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The Obamacare Repeal Bill is Catastrophically Bad. And The Numbers Prove It.

Georgeanne M. Usova,
Former Senior Legislative Counsel
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March 16, 2017

Last week, House leadership rushed its Obamacare repeal bill through two committees less than 48 hours after it became public, despite calls from Republicans and Democrats to slow the process down.

Now we know why they were in such a rush.

On Monday, the nonpartisan Congressional Budget Office released its official analysis of the American Health Care Act (AHCA). The bottom line? Twenty-four million people will lose insurance coverage by 2026. And $880 billion of federal Medicaid funding will disappear over 10 years.

Tell Congress: Don’t repeal the ACA

This bears repeating: 24 million people and $880 billion gone from those most in need.

Why, you ask, is it this bad? First, the bill attacks people’s ability to purchase private insurance. It eliminates the Affordable Care Act’s (ACA) subsidies that allow individuals and families to afford health plans in the ACA’s marketplaces, replacing them with tax credits that favor the wealthy.

Second, it guts Medicaid to the tune of $880 billion over the next decade. It starts by phasing out the Medicaid expansion, which allowed millions of low-income people who previously couldn’t qualify for Medicaid to access basic preventive care and allowed individuals with disabilities to work without losing their health benefits. But most significantly, it would permanently restructure the Medicaid program and upend the current state-federal partnership by implementing per capita caps — meaning that states would only receive up to a fixed amount of federal funding per beneficiary. The result would be a dramatic decrease in federal investments that will impact Medicaid patients as well as health care providers.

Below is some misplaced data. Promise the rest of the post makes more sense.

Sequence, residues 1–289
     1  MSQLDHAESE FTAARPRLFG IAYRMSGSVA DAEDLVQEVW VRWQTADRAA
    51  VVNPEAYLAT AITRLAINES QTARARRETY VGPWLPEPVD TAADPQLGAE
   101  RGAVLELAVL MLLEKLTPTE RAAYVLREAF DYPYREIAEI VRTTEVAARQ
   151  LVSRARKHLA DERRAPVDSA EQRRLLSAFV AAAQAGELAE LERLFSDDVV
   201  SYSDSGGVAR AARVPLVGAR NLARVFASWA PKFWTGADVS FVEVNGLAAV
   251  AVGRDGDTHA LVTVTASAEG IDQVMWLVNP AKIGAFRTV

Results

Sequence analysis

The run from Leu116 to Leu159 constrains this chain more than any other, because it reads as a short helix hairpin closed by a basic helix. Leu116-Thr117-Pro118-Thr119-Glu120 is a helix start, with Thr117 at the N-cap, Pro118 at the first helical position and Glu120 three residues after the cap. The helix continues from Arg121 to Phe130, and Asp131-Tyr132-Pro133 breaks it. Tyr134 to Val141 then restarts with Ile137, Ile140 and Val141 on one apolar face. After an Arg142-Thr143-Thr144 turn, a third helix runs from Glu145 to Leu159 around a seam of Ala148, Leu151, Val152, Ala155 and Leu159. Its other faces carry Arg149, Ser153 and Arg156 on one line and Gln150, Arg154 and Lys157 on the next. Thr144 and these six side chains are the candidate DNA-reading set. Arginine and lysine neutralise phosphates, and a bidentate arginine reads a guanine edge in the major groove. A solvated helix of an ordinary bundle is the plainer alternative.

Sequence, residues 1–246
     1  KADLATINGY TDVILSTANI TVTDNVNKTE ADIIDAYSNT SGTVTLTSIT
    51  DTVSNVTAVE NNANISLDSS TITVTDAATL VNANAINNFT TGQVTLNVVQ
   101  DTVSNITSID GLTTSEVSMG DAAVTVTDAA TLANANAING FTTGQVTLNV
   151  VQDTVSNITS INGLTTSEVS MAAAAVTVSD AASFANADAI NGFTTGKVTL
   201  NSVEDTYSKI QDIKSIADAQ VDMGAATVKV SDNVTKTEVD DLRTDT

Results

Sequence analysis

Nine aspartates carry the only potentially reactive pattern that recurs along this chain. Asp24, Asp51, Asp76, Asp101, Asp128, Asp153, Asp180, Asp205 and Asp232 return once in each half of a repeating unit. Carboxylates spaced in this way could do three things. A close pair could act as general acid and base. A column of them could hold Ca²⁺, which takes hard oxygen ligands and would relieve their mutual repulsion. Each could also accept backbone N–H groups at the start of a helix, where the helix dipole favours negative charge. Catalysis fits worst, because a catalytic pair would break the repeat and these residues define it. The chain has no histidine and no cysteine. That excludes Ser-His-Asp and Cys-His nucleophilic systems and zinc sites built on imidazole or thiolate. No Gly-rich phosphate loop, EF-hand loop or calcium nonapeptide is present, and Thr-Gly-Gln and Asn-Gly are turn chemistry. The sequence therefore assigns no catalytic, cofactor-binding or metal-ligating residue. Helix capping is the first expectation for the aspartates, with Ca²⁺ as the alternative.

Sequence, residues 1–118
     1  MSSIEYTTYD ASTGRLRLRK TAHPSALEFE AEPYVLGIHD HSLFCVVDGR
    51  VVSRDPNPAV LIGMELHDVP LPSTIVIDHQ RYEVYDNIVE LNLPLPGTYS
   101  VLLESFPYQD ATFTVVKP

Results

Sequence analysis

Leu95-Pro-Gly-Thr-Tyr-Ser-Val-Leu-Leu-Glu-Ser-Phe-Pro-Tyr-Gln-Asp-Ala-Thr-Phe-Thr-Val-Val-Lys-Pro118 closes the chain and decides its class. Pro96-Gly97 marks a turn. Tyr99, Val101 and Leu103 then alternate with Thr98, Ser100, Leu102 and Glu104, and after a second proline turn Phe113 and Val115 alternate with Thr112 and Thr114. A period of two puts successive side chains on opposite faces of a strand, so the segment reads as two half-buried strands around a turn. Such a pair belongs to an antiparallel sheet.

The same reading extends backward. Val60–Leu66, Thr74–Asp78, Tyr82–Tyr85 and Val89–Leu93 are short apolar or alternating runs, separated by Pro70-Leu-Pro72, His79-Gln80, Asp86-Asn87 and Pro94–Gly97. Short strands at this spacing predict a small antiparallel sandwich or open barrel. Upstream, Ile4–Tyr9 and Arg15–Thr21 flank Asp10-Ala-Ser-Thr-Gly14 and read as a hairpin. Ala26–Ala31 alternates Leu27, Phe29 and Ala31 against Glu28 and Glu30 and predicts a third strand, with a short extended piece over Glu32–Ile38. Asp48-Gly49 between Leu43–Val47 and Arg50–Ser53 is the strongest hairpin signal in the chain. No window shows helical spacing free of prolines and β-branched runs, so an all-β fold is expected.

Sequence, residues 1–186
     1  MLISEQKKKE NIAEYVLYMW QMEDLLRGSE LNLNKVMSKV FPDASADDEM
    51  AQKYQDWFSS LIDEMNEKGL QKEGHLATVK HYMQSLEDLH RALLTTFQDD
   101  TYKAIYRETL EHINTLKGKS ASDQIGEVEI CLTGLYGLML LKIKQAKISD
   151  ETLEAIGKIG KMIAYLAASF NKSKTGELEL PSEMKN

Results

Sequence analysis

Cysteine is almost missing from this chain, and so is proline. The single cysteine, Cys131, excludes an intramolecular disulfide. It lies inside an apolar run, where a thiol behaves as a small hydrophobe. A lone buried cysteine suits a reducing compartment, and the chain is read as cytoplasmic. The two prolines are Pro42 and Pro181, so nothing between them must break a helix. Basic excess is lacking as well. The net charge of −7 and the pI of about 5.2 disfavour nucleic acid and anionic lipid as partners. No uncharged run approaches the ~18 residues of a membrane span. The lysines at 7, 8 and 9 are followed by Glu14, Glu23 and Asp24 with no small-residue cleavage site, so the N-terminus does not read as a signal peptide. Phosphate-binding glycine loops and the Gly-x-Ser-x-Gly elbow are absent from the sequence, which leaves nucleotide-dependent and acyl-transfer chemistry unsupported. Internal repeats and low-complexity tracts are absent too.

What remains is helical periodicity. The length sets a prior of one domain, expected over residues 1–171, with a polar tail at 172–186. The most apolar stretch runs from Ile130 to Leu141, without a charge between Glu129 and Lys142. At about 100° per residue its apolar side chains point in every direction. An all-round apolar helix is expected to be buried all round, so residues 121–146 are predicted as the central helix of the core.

This would, in short, destroy our nation’s safety net for health care. It would hurt anyone struggling to get by. And the impact on people with disabilities, women, and LGBT people would be particularly dire.

People with disabilities: Restructuring Medicaid with per capita caps would badly damage the ability of states to serve seniors and people with disabilities, particularly the almost 600,000 now on waiting lists to access community-based services. Even worse, since Medicaid does not allow states to limit enrollment in nursing homes and institutions, the brunt of these cuts will fall on in-home care. If passed into law, the AHCA will force states to dramatically cut back the home and community-based services that allow children and adults with disabilities to stay in their own homes and lead independent lives instead of nursing homes. These services are not covered by private insurance and are paid for predominantly by the Medicaid program. If Congress succeeds in implementing a plan to end Medicaid as we know it, hundreds of thousands of people with disabilities will be at risk of institutionalization or loss of support. The cuts to Medicaid would also severely impact children with disabilities because many states use Medicaid dollars to provide services in children’s special educations plans under the Individuals with Disabilities Education Act.